How to find 4K programs in Prime Video

I’m taking the reins from Buckler again this week. That slacker just couldn’t come up with anything to compete with the rant I wanted to write, so look for his stuff here and I’m sure you’ll find some tame endorsement of one of our favorite products. No, friends, this week you’re getting both barrels from me, and for once I’m not making fun of Netflix.

The first world problem

OK I admit that what I’m going to talk about is the very definition of a “first world problem.” I moved to a large 4K TV and I’m not terribly happy with what I’m seeing. I wasn’t expecting to be happy, since I’ve been telling you for years that 4K streaming isn’t that good. Still, while expected the picture quality to be barely better than Blu-ray, I wasn’t expecting the number of problems I have had.

First a little detour about Netflix

Netflix no longer labels their HDR content as 4K. If you see the HDR content then you know it’s also 4K, but they don’t tell you that. I get it, it should be common sense, but sometimes common sense isn’t all that common. Then again, there’s no guarantee you’ll actually see true 4K or HDR when you stream anyway.

But now, back to Prime

Prime Video doesn’t offer a lot in 4K, that’s true. There are movies available for rental and purchase, but when you’re talking about free content there isn’t much to crow about. Among the very few that you can actually get are The Marvelous Mrs. Maisel and Homecoming. These are two of the best-reviewed shows of the season so it’s good to see they’re putting out some effort there. However, the way they present the 4K versions is just dumb stupid.

Go ahead, try to find 4K stuff, I dare you

If you search, you’ll find those shows but what you find, won’t be 4K in most cases. You won’t be told it’s only the HD feed. In fact you won’t be told anything and good luck figuring out what quality you’re getting.

After some random button pushing, I found that some — but not all — systems will show you the resolution that’s playing when you press the PAUSE button on the remote. You’ll see “HD 1080P” at the lower left corner. Now, you’d think somehow you could change that setting, the way YouTube lets you. You’d be wrong.

Even if you pick a title you know is in 4K, you’ll still get the 1080p version, unless you know the secret.

What not to do

I read a lot of web pages and they suggested resetting the smart TV, changing picture options, and all sorts of time wasters. Don’t bother with any of that, because it will only bring you heartache and pain.

Here’s what works

First, start by searching for “UHD.” Don’t search for “4K” because that won’t work. “UHD” is short for “Ultra HD” and it’s the term that manufacturers would rather you use instead of “4K.” Sorry, people, “UHD” is not going to happen. Stop trying to make “UHD” happen. It’s “4K,” get over it.

When you search for “UHD”, you’ll get all sorts of phrases that match. Pick one at random, because they all work about the same.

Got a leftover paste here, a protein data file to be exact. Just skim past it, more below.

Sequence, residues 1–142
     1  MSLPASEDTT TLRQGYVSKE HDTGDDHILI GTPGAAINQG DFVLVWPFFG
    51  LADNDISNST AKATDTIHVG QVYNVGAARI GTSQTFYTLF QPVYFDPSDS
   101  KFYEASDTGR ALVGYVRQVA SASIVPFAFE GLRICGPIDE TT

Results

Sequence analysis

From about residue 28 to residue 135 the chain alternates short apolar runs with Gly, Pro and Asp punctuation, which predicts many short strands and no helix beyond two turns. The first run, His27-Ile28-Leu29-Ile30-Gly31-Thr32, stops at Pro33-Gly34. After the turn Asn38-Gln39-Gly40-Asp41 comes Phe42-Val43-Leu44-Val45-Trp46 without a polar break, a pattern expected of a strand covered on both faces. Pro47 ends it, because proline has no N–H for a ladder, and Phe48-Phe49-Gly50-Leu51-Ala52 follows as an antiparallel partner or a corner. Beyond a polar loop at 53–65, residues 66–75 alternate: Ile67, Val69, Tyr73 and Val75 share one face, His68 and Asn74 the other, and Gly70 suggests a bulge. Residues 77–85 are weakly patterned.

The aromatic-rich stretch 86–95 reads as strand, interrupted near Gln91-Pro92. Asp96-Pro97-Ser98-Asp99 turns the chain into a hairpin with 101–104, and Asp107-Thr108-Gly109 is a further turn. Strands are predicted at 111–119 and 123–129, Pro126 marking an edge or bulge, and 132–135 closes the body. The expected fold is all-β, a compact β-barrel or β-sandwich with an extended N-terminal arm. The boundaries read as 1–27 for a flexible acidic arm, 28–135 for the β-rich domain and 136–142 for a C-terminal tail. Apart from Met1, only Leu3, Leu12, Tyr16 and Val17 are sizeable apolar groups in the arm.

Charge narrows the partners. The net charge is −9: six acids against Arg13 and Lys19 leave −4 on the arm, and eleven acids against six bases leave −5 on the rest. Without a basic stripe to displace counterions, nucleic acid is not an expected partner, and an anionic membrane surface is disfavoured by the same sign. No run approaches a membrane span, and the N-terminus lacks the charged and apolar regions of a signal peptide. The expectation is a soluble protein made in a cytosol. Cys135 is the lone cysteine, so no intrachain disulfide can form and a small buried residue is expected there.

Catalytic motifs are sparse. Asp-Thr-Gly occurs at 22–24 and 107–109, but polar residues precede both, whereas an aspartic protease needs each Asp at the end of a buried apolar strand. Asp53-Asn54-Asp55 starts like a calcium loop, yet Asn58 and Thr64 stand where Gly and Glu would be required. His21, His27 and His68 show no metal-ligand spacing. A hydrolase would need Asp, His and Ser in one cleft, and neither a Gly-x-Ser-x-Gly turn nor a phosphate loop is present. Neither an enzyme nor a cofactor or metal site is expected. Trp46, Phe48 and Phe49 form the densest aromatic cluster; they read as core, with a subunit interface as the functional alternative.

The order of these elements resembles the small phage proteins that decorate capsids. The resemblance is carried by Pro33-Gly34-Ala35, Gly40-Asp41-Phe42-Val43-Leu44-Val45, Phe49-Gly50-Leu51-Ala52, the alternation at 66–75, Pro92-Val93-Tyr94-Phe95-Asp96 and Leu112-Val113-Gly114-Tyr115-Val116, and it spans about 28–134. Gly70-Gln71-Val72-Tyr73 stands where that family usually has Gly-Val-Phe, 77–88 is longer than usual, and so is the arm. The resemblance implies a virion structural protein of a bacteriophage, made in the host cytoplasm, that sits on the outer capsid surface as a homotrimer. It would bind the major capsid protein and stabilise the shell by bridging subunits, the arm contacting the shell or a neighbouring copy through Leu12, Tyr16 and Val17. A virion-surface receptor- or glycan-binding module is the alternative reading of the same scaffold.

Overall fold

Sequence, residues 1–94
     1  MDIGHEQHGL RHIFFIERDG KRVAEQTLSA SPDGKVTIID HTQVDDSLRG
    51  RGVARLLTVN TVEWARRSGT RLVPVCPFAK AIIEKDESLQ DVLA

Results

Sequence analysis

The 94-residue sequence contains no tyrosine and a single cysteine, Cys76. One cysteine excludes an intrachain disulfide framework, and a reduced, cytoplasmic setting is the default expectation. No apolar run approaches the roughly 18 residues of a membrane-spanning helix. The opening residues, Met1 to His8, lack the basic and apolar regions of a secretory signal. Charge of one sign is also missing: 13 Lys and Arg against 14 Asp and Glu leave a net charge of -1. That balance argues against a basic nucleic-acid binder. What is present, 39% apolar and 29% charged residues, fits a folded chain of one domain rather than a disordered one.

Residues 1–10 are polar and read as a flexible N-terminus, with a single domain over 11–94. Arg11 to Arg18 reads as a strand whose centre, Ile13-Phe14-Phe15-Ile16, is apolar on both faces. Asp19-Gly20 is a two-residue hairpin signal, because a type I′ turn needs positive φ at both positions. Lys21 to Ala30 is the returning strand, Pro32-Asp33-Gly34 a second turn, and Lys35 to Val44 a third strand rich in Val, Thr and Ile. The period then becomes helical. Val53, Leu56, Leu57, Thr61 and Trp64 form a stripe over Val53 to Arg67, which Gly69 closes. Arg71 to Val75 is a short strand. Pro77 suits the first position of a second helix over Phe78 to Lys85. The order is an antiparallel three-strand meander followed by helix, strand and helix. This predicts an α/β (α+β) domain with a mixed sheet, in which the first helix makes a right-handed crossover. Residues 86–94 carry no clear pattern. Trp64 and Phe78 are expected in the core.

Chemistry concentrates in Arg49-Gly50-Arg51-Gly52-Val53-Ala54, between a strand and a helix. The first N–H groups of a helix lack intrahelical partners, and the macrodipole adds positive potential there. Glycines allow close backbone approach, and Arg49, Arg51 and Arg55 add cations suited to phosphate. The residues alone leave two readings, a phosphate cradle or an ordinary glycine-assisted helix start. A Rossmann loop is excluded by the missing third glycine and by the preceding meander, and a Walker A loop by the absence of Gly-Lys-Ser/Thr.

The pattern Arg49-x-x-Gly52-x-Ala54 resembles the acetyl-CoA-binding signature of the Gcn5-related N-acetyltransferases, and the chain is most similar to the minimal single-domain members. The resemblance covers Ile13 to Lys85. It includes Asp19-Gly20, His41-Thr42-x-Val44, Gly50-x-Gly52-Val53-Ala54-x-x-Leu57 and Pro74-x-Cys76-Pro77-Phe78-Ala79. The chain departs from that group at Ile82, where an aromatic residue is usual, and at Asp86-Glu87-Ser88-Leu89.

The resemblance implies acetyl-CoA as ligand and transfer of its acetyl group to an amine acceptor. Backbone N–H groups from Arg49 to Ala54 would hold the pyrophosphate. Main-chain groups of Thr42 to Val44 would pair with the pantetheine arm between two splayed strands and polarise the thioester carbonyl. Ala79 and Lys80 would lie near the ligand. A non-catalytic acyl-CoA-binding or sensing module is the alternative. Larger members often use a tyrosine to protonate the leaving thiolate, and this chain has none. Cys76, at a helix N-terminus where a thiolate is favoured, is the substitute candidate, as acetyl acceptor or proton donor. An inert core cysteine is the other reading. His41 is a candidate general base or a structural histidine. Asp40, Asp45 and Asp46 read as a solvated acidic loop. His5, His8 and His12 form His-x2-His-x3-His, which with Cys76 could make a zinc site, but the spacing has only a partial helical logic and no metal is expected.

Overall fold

Here’s where you’ll find 4K content… kinda.

You still have to look for it

Some of the content you see there is actually in 4K and some isn’t. Some, like Watchmen, is available in 4K but the version in the search is the HD version. Yes, seriously. I am not kidding you, I wish I were.

You’ll need to look in two places to make sure you’re actually choosing 4K content.

At the top left of the image you find a black “U HD” banner. Don’t know why the spacing is so odd, but seriously I wish that were the worst problem Prime has.

You will also see something like the words [Ultra HD] in the title. Sometimes it’s UHD, sometimes it’s Ultra HD, sometimes it’s 4K Ultra HD. there’s no consistency. But if you see the black banner and the name looks right, then you can have some confidence that you’ve picked the right thing.

Then, it has to actually work

You need 4K capable hardware and a sturdy internet connection. If you have both, once the program starts you can pause it and actually see those magic words at the lower left:

Which, as I said, is what they want to call 4K. This is incredibly stupid and I guarantee that 90% of people will not go through this nonsense just to watch something that’s practically indistinguishable from HD anyway.

Come on Amazon, get it together

It feels like Amazon really doesn’t want to do 4K. I’ll give them credit, at least they are trying, unlike Hulu and others who have practically no 4K content.  It’s just a shame that they do a rotten job of helping you find it. I’ll give it to Netflix here, if you do a search for 4K, you’ll get 4K stuff. It won’t look very good but you’ll get it.

I hope this rant and sort-of-tutorial helps someone else who is trying to watch 4K on Prime. At least at that point some good will have come of all this nonsense.

About the Author

Stuart Sweet
Stuart Sweet is the editor-in-chief of The Solid Signal Blog and a "master plumber" at Signal Group, LLC. He is the author of over 8,000 articles and longform tutorials including many posted here. Reach him by clicking on "Contact the Editor" at the bottom of this page.